Alsothe Comment of a Fargo Ncwspapel^on the Decision-An Interview^With Aaron.
ToThe Indi pi ndent.^There an; two sides to every story.
'Henl Anion 111 .-till, 1,1 annulment
caseis no exception p, tins universal^nil-. Th, del. nduiit, Mis. D.-II lb,gun^lleishlleld, and oihers hay- spr-ud^broudcust through the press a tissue^of perverted stuteuieiits which have^gullied cied.-nce with a certain class (if^prejudiced persons. I'p to this time Ihe^undersigned nnd his wife huve uialn-^t lined a dignified sllelu e In the fa, e ,,f^uiiparal|, |*,i villiII. ;^ti^,n und vllilpei-^atlon. They believed ihat. the |,,nB^years they have spent in Montana
wouldprove th,. ,,nly msauiy refulu-
tlonof the visibly inalliiuus and buse^^ll ss falsltu ul Ions of an unknown wo^^man, coming In,in no one knows where,^D wus, however, against my wife, pUi-^Hi ulaiiy, that the venomous malice of^this woman was directed. Neverthe-^less, my wife terls sum- that the citi^^zens and friends who have known beg^for tw.nt) bv,- je.us, wjth many of^whom she shared the vicissitudes of^l''^ir days, will consider these slan^^derous ulteiunces as the outpourings of^tt vindictive und malicious heart, lint^as we realise that our defanieia are^se-klng to misconstrue any dignified^silence unto a la, k of defense, we feel^tilled upon to make a statement.. In^Ihe tliut place there was gross and wan-^lon prevarication of ihe truth In all^the outside new-paper icporls of the^urt proceedings ^t Fargo. In fact,^the Associated Press representative has^been given a leave of absence and Is^superseded by Mr. ^'. A. l.ounsb*rry.^These palpable mlarcprcscntutlons were^engineered by the defendant's Furgn at^^torneys. Not only were the truthful,^unvarnished reports of the court pro^^ceedings not given, but testimony^which the presiding jud^e ruled out as^Irrelevant and not bearing on the cuso^was ingeniously and unscrupulously^woven Into the accounts of the proceed^^ings to poison the public mind. More^^over, my brother's witnesses were In^^timidated: some weie debarred from^entering the court room by means of^threats; others were hounded fur giving^their testimony.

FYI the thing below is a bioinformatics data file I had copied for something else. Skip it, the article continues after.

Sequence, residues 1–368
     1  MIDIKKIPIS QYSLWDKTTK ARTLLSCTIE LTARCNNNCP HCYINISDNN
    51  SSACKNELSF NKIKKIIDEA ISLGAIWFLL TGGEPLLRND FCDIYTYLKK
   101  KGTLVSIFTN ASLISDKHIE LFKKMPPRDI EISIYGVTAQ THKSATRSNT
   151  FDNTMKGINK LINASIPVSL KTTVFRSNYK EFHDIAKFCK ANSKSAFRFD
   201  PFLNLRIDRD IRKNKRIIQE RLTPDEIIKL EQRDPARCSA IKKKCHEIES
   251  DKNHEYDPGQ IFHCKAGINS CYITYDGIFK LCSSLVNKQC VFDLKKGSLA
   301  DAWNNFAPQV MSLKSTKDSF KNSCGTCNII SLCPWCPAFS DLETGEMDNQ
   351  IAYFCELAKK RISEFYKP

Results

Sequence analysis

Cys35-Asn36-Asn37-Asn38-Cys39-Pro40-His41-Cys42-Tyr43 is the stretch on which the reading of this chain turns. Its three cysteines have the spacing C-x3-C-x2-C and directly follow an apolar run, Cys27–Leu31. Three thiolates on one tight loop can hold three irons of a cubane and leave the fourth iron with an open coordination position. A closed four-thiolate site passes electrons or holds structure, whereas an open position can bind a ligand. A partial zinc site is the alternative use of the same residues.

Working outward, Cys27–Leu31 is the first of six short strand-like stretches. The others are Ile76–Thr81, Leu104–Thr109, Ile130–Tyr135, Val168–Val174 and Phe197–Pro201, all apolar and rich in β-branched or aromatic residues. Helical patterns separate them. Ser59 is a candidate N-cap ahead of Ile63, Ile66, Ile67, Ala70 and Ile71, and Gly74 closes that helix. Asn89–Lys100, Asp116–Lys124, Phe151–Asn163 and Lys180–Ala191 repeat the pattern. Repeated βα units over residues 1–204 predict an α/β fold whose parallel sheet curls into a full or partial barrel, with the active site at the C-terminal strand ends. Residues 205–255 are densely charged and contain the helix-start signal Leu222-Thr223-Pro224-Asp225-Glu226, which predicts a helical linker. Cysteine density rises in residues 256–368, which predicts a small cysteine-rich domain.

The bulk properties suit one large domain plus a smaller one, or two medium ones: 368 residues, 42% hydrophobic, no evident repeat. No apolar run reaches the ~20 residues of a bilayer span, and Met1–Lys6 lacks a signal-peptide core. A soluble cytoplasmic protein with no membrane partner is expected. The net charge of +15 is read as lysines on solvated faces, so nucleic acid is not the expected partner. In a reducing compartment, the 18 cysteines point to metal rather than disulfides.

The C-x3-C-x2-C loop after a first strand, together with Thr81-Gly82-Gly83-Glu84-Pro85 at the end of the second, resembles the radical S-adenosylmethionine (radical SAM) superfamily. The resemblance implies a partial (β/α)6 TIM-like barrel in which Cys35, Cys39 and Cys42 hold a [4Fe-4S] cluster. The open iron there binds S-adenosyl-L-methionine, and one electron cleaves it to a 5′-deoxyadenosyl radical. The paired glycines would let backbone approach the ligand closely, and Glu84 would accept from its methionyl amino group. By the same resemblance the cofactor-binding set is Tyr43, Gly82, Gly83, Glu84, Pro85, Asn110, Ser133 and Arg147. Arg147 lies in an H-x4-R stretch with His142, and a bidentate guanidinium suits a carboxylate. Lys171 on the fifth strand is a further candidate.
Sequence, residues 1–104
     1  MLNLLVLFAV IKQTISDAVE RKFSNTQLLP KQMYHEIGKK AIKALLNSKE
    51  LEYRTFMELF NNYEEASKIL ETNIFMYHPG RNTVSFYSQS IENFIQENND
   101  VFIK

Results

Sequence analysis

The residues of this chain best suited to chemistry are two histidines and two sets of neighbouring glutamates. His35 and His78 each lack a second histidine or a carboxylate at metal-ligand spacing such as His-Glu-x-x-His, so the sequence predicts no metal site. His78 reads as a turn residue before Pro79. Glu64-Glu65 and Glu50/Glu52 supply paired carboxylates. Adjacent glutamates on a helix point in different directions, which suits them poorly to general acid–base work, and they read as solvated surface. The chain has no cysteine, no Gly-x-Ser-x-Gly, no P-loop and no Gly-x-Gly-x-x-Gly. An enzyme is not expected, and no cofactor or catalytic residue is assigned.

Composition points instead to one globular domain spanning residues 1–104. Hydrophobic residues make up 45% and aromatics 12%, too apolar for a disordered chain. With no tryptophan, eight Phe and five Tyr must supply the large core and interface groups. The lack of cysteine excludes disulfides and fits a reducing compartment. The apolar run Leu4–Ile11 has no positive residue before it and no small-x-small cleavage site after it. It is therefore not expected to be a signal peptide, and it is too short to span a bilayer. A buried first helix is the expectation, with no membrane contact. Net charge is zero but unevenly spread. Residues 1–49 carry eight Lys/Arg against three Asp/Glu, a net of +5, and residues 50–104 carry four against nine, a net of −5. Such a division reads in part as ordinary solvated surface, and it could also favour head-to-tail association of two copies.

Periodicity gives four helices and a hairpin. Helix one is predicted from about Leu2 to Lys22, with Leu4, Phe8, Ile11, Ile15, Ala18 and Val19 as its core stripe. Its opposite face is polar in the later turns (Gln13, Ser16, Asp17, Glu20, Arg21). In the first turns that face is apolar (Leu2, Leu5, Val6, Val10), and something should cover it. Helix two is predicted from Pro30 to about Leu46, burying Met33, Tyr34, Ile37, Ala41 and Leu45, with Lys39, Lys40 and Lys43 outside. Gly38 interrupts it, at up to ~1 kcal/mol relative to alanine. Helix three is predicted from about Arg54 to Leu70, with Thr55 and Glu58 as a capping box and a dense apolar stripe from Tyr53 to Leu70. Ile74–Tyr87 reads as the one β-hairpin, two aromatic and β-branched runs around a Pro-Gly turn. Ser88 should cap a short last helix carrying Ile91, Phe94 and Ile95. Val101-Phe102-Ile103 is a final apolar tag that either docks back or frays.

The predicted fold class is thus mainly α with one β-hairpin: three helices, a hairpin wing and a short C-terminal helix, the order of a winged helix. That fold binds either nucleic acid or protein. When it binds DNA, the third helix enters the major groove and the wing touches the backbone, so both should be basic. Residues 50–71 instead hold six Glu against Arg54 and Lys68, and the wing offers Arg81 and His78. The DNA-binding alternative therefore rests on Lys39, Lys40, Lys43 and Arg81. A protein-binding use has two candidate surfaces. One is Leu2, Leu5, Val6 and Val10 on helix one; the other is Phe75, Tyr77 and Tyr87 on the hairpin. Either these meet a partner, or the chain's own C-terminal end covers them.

Inthese wanton fabrications, which^have been so zealously spread abroad^by the defendant's adherents, much^siiess has been laid upon ihe excite^^ment against my brother and his con^^nections. This feeling, truthfully sifted^to the but loin, resolves Itself Into a^maliciously Incited race prejudice. Thn^defendant and her followers harped con^^tinually on the strings of religious dif^^ference and excited the heated feeling^such discussions inevitably arouse. In^truth the closing address of one of the^defendant's attorneys sounded more^like u philippic In an uttti-semetlc cru^^sade than tin- finui argument In a^marriage annulment case.
Mmh hue und cry bus been raised by^the reported attempts to blacken th^^defendant's character. The defendant,^by her own testimony, made such at^^tempts unnecessary. On the stand^she effaced the picture of a simple,^guileless, unsophisticated maiden,^blindly led Into temptation by an ab^^sorbing love. In Its place she revealed^a woman of live ami twenty (according^to her marriage certificate! with mature^experience in the wiles of the world.
TheFargo Argus Discusses the Case of the
Fai go A i Til^. l^ei 1
TheForum undertakes to criticise thft^Argus' levlew of the Hershfield case,^und styles some of Its conclusions as^misfits.